Neilands: Well, our mark-up is around three per cent, which means that it is three cents in a dollar and that’s the profit that is made after all the costs are covered. The supermarket industry is labour intensive so the single largest cost for us is labour, which is about 49 per cent of our total cost and in Barbados it is about 12 per cent of sales. Those sort of numbers equate with North America, so while it may be true to say that someone in the US is earning a higher dollar figure than say someone in Barbados in the supermarket industry, the percentage as it relates to sales is the same; so I don’t think supermarkets or wholesalers are really taking advantage of the consumer in mark-ups.
We have had similar mark-ups from way back to the introduction of VAT in 1997, which is 14 years ago, and I would suggest that the trade has changed its mark-ups very little or at all since that time.
Q: But given the current economic situation, shouldn’t supermarkets lower their mark-ups?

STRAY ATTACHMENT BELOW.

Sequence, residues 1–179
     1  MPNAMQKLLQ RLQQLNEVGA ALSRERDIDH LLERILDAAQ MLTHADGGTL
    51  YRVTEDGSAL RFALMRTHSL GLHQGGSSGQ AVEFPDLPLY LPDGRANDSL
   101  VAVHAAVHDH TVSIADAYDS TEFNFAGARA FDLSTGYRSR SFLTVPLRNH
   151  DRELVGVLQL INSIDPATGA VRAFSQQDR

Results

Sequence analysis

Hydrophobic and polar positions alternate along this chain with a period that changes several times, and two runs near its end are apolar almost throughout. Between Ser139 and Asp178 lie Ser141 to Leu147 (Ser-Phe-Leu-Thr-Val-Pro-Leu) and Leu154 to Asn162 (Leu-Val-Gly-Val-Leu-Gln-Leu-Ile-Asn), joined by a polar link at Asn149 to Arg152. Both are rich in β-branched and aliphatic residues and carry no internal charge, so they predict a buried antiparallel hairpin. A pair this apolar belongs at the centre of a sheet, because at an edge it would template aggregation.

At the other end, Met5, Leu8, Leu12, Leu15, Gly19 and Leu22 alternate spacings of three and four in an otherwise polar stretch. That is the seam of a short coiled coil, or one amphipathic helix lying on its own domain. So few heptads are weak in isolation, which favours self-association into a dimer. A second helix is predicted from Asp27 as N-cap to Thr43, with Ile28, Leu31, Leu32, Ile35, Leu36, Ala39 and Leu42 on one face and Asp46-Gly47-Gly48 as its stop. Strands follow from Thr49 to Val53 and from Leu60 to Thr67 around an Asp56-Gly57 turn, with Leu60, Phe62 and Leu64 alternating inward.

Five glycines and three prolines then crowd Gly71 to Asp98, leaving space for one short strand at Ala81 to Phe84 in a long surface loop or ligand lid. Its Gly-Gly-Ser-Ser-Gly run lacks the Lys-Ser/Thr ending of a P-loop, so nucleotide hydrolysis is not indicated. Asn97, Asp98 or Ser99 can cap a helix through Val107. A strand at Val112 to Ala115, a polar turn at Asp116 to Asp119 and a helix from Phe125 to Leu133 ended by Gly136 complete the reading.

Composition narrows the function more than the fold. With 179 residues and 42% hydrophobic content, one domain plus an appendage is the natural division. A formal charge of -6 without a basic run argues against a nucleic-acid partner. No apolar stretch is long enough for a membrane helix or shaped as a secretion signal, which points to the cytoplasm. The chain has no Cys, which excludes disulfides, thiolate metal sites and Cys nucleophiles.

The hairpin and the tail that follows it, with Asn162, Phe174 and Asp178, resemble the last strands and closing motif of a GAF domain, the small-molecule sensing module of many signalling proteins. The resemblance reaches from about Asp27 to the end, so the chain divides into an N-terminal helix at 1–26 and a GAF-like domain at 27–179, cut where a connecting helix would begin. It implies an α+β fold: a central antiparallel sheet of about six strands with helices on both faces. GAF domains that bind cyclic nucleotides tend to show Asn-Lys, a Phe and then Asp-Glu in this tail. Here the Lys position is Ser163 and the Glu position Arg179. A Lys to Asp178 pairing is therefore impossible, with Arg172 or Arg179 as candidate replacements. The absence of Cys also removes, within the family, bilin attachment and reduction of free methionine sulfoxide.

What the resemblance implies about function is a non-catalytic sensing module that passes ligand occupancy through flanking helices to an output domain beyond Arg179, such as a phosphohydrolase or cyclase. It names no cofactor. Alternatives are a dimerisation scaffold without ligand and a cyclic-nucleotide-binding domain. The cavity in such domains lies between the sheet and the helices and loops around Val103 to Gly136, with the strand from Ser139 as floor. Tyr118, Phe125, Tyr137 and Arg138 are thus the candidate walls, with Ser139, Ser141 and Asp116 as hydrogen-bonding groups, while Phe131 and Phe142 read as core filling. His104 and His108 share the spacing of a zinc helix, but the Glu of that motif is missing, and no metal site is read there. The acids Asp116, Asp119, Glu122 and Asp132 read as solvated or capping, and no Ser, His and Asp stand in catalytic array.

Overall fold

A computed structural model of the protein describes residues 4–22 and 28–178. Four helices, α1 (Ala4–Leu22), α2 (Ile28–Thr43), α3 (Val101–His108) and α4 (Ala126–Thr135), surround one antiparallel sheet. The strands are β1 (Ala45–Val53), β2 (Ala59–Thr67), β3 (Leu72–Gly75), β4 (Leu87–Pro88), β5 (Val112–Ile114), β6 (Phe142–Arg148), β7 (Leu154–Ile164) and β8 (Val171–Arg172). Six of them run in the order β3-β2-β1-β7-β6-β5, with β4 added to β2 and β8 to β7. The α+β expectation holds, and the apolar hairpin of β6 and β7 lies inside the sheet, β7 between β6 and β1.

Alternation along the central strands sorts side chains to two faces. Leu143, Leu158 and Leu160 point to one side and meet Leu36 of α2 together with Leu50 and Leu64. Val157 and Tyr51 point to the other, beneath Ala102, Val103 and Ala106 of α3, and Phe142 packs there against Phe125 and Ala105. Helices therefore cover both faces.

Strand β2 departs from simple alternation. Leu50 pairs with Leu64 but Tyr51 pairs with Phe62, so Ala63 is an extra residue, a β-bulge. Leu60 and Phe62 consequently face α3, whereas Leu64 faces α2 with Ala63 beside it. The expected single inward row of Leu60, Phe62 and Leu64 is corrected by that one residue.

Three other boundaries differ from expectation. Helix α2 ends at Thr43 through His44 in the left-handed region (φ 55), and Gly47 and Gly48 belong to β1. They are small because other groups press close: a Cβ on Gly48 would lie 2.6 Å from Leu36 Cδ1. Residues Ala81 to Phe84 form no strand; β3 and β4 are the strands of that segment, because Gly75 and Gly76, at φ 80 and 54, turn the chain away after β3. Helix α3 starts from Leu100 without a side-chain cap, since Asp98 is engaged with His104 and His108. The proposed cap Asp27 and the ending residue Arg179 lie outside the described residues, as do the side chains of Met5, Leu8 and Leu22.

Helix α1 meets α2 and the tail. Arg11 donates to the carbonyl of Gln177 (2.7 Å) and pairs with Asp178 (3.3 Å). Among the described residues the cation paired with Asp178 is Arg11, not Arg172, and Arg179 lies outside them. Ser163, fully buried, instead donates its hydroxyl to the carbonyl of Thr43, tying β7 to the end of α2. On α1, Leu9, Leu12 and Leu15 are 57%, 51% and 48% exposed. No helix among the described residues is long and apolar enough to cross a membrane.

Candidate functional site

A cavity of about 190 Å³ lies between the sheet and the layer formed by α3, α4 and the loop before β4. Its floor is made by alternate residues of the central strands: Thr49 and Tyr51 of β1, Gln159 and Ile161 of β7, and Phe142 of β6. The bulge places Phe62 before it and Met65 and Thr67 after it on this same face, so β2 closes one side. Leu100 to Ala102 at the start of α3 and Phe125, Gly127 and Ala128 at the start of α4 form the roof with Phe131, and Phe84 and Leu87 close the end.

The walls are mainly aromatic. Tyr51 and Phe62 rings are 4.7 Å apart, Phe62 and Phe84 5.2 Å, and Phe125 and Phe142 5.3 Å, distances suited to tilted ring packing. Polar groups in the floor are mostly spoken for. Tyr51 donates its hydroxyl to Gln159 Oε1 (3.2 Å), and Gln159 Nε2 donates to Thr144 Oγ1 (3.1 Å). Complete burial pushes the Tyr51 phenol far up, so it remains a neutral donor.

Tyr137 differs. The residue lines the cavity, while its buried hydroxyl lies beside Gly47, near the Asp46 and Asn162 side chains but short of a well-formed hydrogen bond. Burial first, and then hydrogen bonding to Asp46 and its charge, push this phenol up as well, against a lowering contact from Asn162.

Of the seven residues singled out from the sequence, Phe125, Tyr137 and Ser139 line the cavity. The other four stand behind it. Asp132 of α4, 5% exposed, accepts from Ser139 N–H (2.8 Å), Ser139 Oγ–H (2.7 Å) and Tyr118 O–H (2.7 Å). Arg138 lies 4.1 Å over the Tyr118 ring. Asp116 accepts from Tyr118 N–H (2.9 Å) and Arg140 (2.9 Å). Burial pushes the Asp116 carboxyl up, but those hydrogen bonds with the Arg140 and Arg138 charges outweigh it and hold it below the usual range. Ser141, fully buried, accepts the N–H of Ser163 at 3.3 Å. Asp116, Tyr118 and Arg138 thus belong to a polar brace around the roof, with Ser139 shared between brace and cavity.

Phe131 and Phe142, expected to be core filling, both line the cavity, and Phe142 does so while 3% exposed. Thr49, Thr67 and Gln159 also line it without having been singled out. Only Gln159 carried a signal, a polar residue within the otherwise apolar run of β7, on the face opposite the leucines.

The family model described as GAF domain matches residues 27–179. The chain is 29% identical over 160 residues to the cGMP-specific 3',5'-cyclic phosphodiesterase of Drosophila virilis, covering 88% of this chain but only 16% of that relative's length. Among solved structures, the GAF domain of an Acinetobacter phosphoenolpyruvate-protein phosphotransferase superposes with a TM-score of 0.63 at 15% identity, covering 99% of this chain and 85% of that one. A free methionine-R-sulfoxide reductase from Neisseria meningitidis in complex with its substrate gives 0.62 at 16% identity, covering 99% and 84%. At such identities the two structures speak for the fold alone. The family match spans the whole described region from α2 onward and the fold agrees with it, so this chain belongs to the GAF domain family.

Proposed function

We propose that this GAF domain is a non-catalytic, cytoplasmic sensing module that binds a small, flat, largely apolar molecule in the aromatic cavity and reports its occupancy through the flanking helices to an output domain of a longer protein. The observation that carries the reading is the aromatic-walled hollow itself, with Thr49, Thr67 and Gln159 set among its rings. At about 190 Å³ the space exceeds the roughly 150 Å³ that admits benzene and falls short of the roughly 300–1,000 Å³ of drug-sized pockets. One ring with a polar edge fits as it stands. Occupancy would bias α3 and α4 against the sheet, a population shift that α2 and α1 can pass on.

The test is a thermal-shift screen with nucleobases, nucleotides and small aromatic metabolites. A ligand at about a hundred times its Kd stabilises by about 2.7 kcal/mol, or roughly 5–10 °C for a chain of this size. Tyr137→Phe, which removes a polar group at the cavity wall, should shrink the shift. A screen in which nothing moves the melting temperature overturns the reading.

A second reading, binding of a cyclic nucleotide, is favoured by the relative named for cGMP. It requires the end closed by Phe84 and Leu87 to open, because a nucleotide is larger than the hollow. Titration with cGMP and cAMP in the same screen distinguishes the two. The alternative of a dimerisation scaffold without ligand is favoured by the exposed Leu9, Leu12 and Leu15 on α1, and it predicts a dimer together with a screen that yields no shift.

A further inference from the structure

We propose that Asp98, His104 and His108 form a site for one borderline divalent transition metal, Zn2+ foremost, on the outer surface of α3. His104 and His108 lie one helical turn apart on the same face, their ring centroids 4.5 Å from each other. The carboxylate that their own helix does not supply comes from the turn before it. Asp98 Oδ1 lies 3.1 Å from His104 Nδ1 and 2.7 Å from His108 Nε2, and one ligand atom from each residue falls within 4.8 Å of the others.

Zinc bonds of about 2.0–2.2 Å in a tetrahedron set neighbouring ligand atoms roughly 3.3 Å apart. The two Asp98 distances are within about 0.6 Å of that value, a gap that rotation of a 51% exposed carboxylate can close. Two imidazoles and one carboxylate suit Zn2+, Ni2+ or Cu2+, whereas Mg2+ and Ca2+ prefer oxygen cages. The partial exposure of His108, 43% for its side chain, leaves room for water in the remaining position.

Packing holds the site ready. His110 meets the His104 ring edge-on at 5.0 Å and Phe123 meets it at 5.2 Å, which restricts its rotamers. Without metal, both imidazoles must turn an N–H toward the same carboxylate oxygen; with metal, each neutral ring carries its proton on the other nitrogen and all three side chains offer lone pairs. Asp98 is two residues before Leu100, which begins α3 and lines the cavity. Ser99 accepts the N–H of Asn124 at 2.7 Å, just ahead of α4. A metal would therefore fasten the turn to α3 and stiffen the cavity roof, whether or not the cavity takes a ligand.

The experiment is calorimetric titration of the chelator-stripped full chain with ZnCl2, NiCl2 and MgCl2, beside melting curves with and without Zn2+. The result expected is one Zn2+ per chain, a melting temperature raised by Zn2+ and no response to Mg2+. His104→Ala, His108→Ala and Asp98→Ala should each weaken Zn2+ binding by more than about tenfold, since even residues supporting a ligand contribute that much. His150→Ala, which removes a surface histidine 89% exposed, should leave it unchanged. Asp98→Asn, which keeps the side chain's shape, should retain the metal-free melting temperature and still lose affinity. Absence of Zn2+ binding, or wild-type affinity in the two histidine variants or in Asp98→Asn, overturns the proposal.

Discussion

Neilands: At the end of the day, a business is endeavouring to make a profit, which should be acceptable to anybody. Out of that profit those returns go to shareholders, they also go into reinvesting in the business and for different people that will be dealt with differently.
Q: Still, is it really reasonable to expect three cents in every dollar at a time like this?
Neilands: When you compare the supermarket industry with the banking industry or the insurance industry, the three cents in a dollar is nothing at all compared to what they will make and we are a labour intensive industry.
Q: But surely you can avoid the banks, but we can’t really avoid the supermarkets because we have to eat?
Neilands: Well, that’s true (chuckle). But to get back to the real issue, if I was to take a tin of evaporated milk and talk about a 15 per cent mark-up, which is a 13 per cent margin, and I was to put in all the costs that exist for the business, at the end of day we actually lose money on a can of milk.
It is a factor in the business that we are running. Does it mean that we then turn around and put a higher mark-up on a lot of other things to cover for the milk? No.
Q: You are certain you don’t?